Which European countries will most likely fall apart, expand or disappear from the map of Europe in 20-30 years?
Belgium. The going joke is that Belgium is a nation of 5 million Flemish (Dutch speaking) people, 5 million Walloons (French speaking) people, and 1 Belgian - the King. That is not far from the truth. Those two language groups simply hate each other. Having lived there for 6 years I made dozens of observations to support that:
small, bilingual cities (5-10k people) are routinely having two separate systems of fire brigades, because the Flemish brigade would refuse to put out a fire in a French house, and vice versa (never mind that they were all officially Belgian). Not only is this despicable, it is also economically very inefficient and leads to ridiculously high taxes.
there was an accident where two trains were inadvertently set on a collision course. While en route, the driver of one of the trains (a French speaking Belgian) realized what was about to happen, called the control station in panic, asking them to stop both trains and avert a disaster. The staff of the control station was native Flemish. Even though they spoke perfect French, they refused to understand him and did nothing. Rather that listening to a French speaker, and his rather simple message (which they perfectly understood), they preferred to let an accident happen that killed 8 people (see here for the story).
I moved there as a foreigner, speaking very little French, and bought a house in a mixed language environment. I didn't plan it this way, but one of my neighboring families happened to be French speaking, the other Flemish speaking. Initially, the French speaking family was friendly to me, while the other family ignored me. Because of fluent English and German knowledge, I picked up Flemish very quickly, without really studying it. Within 12 months of living there I could give professional presentations in Flemish and subscribed to Flemish newspapers and magazines. The result: now both of my neighbors refused to talk to me, each believing I had declared loyalty to the enemy side. That went on for 5 years.
While I was living there, two Belgian women were doing very well in professional tennis: Kim Clijsters (a Flemish woman) and Justine Henin (a Walloon woman). Tennis is a big sport in Belgium, and Wimbledon is a big event. As long as both of these exceptional athletes were in the annual Wimbledon tournament, as you'd expect, my Flemish friends held for Clijsters, and my Walloon friends held for Henin. However, as soon as one of them was eliminated, they didn't hold for the remaining "Belgian" player. No. Let's say Henin was eliminated from the tournament, and Clijsters remained. As of that point, all my Walloon friends held for whoever (non-Belgian) was playing AGAINST Clijsters, hoping to see her eliminated as quickly as possible.
National political parties are set-up in such a way that you can only vote for parties, and candidates, of your language group. There is a Flemish Socialist party, and a Walloon socialist party. A Flemish conservative party, and a Walloon conservative party, and so on. At birth you are registered for one, and only one, language group, and (once you reach voting age) you are only permitted to vote for parties associated with your language group. You could not, for example, sympathize with a politician from the other language group and vote for her or him.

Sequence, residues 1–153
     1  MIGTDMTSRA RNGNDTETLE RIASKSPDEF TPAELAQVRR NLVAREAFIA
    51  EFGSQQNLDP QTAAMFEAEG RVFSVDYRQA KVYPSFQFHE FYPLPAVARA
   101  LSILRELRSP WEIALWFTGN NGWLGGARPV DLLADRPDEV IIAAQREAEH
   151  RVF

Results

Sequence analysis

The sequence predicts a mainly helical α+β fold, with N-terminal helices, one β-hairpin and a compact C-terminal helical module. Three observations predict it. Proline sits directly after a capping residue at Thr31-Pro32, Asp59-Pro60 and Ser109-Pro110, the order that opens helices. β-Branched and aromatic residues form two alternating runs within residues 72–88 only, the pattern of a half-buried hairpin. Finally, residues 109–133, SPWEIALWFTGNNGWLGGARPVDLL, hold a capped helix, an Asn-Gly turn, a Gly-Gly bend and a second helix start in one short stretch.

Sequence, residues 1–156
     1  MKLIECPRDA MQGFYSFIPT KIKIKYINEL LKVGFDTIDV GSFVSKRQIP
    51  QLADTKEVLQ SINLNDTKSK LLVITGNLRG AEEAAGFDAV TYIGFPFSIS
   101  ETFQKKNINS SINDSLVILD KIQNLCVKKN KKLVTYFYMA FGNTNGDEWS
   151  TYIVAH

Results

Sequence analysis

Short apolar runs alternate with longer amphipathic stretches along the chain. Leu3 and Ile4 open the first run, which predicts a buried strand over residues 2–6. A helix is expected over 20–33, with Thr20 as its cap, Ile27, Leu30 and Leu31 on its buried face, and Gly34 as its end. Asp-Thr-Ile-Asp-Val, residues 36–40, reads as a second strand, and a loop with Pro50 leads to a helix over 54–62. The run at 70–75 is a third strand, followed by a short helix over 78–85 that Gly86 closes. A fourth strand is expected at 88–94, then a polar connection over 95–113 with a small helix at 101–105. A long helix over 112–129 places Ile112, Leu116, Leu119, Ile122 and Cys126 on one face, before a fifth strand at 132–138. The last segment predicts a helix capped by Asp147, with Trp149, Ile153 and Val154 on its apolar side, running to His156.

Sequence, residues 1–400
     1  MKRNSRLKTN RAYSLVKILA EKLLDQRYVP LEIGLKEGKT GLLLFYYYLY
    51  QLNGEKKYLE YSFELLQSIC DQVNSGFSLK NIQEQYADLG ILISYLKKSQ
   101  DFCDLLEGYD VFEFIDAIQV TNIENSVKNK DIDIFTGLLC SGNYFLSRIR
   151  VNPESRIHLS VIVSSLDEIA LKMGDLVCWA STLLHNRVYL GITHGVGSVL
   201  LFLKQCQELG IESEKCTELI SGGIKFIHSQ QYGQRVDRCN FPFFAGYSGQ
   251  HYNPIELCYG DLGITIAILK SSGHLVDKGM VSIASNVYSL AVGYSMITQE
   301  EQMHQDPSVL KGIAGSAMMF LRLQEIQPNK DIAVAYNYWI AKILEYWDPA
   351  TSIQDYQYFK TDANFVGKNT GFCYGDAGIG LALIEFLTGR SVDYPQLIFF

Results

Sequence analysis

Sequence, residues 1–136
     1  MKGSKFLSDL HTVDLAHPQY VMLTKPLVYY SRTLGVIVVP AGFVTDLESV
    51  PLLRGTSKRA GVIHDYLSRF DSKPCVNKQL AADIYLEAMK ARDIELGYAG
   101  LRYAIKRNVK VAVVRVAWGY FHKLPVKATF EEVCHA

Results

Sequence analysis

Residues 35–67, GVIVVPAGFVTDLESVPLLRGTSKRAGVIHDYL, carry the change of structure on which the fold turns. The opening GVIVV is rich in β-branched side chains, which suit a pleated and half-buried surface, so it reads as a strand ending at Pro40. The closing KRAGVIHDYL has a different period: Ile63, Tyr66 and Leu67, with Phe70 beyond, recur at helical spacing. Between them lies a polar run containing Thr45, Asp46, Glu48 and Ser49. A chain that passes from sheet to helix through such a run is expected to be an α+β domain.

Since I hold an EU passport, I was permitted to vote in local elections. However, in order to do that I would have had to declare affiliation with one of the language groups, and then been given choices of candidates only from that group. Having friends in both language groups, naturally, I declined to do that.
As a follow-up to the terrorist attacks in Brussels we are now discovering that the various law enforcement organizations (the Brussels region alone has 5 mutually independent police forces - all split along language lines) are ridiculously inefficient, mostly because they are set-up to keep secrets from each other - rather than working together to avoid threats to the country. Not really a surprise.
In Belgium, you are indoctrinated from birth that your tribe (your language group) is your primary affiliation, and everything else (religious belief, political affiliation, etc.) is, at best, of secondary importance. The monarchy really is the only institution that attempts to provide any cohesion for Belgium as a nation. And, frankly speaking, the times when monarchies played much of a significant role in politics are over.
There are lots of things to love about Belgium: the people are excellent (I have many good friends there); the location is strategic; the availability of "Euro jobs" makes for first rate career opportunities; the architecture is second to none; the food superb; the infrastructure is excellent. However, like it or not, this country is headed for splitsville.